The Grand Hotel stands in shimmering splendor on the waterfront, opposite the Swedish Royal Palace and Gamla Stan, Stockholm’s Old Town.
It’s perfectly located for a city break from Stockholm: a 20-minute ride from the airport (do like the Swedes and take the quick and easy Arlanda Express train, then it’s a two-minute metro ride or 2-minute taxi ride). five minutes if you’re swamped with luggage, like us).
Where is it?
Stockholm itself is only a two-hour flight from London, which means the journey from take-off to check-in can be done in three hours. Once you’re ready to explore, a bevy of tour boats bobbing just outside the hotel doors, waiting to whisk you along the city’s waterways and sights.
Trams, buses and the metro are within a three-minute walk for easy travel around Stockholm. Most of the city’s best museums and attractions, such as Djurgården Island, which is perfect for families with its Skansen open-air museum, Gröna Lund theme park, and the amazing Vasa ship museum and Abba museum, are located within a pleasant walking distance.
The welcoming lobby belies the sheer size of the hotel (there are some 270 rooms), as tourists chat and a team of discreet but highly knowledgeable concierges help plan your day.
As grand as its name promises (it first opened in 1874), but with a Scandinavian-chic vibe, so it’s relaxed rather than stuffy. The Grand is a perfect blend of dazzling luxury (gold accented lobby and stairs, bright red awnings on the harbor view balconies) and sheer comfort. Beautiful, modern flower arrangements are scattered rather than ostentatious displays, and rooms are decorated in muted Scandinavian tones.
Most of the rooms are more cozy than huge, as one would expect from such a central hotel; they’re dominated by a bed you won’t want to get out of: firm mattress turned into a cloud by sheets that had us hunting for a tag to see if we could find it in one of the many Scandi home goods stores.
Choose a superior water view room in the summer months and you can sit on a wrought iron mini terrace and look out over the shimmering water and the city that wakes up each month – it’s a very special sight. Binoculars in the room help you almost look inside the Royal Palace across the street, as well as explore Strömkajen harbor from above.
Room decor includes lots of relaxing cream and gray duck eggs, with chairs to snuggle up and plan a Stockholm adventure. There are high ceilings and the bathrooms house a large black and marble bathtub, perfect for soaking up the effects of a day of 20,000 sightseeing on a tired body. Millennial pink and gray curtains block out the hustle and bustle of the city at night.
food and drink
Breakfast at The Veranda isn’t the standard international fare offered at some hotels: you know you’re in Sweden when you eat a pickled cucumber salad, gingerbread cookies, fresh berries, smoked salmon, crusty knäckebröd bread, and cured meats. This is in addition to the usual eggs, fresh juices and smoothies, yogurt (Turkish, not Greek), cereals, and breads. The kids will love the pancakes and hot chocolate with whipped cream and marshmallows. And I gobbled up handfuls of the most delicious homemade raspberry cookies as if they were a perfectly respectable way to start the day.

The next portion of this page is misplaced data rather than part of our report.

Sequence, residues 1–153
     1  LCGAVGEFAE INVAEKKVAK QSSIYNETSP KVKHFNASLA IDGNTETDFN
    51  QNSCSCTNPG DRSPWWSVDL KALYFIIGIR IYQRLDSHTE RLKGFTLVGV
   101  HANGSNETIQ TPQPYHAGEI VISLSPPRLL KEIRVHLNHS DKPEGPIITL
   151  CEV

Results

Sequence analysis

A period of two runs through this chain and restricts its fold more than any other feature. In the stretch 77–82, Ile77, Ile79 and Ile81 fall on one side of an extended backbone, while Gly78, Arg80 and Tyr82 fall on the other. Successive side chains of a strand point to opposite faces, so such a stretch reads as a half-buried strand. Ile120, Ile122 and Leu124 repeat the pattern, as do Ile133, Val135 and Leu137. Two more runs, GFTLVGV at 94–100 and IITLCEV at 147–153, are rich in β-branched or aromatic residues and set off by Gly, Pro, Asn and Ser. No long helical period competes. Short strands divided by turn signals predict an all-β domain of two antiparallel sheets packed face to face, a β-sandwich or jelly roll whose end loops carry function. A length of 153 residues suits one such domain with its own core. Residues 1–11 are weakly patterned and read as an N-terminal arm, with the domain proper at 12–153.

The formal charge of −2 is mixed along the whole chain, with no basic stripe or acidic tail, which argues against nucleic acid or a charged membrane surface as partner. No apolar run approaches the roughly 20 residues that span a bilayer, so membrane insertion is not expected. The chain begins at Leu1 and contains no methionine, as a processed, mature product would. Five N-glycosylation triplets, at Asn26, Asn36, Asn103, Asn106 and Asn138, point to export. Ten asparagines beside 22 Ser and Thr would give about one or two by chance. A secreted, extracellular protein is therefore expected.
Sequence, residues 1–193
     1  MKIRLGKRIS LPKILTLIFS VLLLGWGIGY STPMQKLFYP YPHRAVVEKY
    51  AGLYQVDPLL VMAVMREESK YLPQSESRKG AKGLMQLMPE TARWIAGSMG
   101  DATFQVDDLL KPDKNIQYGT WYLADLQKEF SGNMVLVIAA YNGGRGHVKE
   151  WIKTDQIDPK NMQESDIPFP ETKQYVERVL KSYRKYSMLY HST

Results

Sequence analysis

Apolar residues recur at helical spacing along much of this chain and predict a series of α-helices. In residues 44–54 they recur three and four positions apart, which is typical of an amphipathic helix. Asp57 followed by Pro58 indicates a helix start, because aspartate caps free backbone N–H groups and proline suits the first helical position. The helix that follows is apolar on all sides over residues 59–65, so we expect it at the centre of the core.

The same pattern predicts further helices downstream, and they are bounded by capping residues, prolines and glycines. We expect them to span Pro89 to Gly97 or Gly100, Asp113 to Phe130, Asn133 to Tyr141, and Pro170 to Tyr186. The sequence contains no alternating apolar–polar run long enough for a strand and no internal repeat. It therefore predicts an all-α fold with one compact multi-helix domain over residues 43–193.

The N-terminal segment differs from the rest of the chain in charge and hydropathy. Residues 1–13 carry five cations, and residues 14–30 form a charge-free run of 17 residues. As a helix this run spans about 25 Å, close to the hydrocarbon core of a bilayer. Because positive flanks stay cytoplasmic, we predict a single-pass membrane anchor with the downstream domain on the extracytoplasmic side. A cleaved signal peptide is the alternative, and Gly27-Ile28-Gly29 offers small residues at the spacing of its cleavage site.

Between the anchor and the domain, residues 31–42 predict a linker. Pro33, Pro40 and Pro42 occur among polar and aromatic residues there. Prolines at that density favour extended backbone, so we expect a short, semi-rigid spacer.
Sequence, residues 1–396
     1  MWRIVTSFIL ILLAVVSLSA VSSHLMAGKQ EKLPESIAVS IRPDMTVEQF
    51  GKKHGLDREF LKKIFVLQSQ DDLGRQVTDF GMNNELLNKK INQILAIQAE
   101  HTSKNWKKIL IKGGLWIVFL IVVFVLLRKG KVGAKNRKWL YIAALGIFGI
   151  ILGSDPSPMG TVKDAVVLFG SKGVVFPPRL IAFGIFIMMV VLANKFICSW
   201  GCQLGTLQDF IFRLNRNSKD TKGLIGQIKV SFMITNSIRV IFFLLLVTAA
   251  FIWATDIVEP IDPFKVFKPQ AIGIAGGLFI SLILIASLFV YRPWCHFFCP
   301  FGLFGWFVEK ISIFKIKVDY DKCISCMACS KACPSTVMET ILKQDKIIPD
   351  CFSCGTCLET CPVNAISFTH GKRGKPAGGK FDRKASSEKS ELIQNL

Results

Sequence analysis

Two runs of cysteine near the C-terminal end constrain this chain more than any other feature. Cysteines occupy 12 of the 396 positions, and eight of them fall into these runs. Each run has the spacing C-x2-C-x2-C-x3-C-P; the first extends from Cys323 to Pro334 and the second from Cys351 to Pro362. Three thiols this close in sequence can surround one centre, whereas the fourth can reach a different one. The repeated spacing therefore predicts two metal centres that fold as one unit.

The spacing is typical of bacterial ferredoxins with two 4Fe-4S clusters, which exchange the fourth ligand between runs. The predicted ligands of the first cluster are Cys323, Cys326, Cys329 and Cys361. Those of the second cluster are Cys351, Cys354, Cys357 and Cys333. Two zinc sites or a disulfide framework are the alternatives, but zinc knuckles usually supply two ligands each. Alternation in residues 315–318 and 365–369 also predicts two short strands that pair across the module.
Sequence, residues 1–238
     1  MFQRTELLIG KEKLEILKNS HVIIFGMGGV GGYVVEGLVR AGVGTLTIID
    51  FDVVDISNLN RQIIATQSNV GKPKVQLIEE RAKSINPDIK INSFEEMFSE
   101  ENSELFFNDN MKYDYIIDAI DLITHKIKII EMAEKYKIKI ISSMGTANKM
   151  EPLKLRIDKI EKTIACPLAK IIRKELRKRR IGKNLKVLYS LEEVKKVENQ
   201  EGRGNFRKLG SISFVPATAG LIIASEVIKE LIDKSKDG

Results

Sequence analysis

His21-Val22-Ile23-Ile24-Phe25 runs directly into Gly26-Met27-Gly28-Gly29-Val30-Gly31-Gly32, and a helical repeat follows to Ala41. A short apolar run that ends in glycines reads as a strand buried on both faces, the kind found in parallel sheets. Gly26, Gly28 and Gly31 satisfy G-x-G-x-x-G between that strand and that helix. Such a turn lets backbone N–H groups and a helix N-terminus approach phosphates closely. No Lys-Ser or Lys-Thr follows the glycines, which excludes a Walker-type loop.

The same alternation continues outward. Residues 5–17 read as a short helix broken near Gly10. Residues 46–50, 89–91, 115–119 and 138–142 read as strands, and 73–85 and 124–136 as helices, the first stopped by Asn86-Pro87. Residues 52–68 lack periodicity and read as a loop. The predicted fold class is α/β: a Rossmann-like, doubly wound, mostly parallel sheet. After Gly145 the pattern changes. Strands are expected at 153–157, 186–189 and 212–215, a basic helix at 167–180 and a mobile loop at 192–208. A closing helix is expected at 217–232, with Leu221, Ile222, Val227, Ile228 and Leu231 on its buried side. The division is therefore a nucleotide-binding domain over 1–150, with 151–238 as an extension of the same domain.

Swedish celebrity chef Mathias Dahlgren has two restaurants at the hotel; local landmark Matbaren (think raw marinated perch and steamed chicken buns) and Rutabaga vegetarian restaurant (key dishes are truffled green “foie gras” with wheat croutons and jasmine rice in salad leaves with fried onion, ginger, pear nashi and wasabi).
The Nordic bath experience at the spa is unmissable: multiple pine-scented saunas, icy pool, central pool surrounded by fire, endless steam baths; add the huge body brushes and your skin will never feel better. There is a well-equipped gym, as well as outdoor jogging paths.
Tourists, families, and executives mingle and chat in the lobby (it’s unusually friendly) and the doormen have an electric tuk-tuk for local trips if you’d like, as well as offering free drinks and bananas at the door to help get you started. the day. Tourism.
Our three full days in Stockholm included visiting some of the best children’s museums we’ve come across in the world, Astrid Lindgren’s Junibacken and the vast Skansen, as well as the Tekniska museet (Museum of Science and Technology) and the small but perfect for emergencies . Children obsessed with services Polis (Police) Museum. The Vasa museum from a recovered four-hundred-year-old shipwreck is unique and brilliantly done, while Sweden’s food scene is incredible and during the summer months there are green squares and playgrounds on almost every route in the city.
Families looking for an upscale school vacation city break will love The Grand’s food, friendly service, and location. Couples who want to walk around town all day and relax at the spa in the evening before heading into town will have a blast. It’s hard to think of anyone who doesn’t love this hotel, it’s just that the final bills are a bit dismal. but that’s Scandinavia for you.
Superior double rooms start from £275 in low season, £390 in high season; grandhotel.se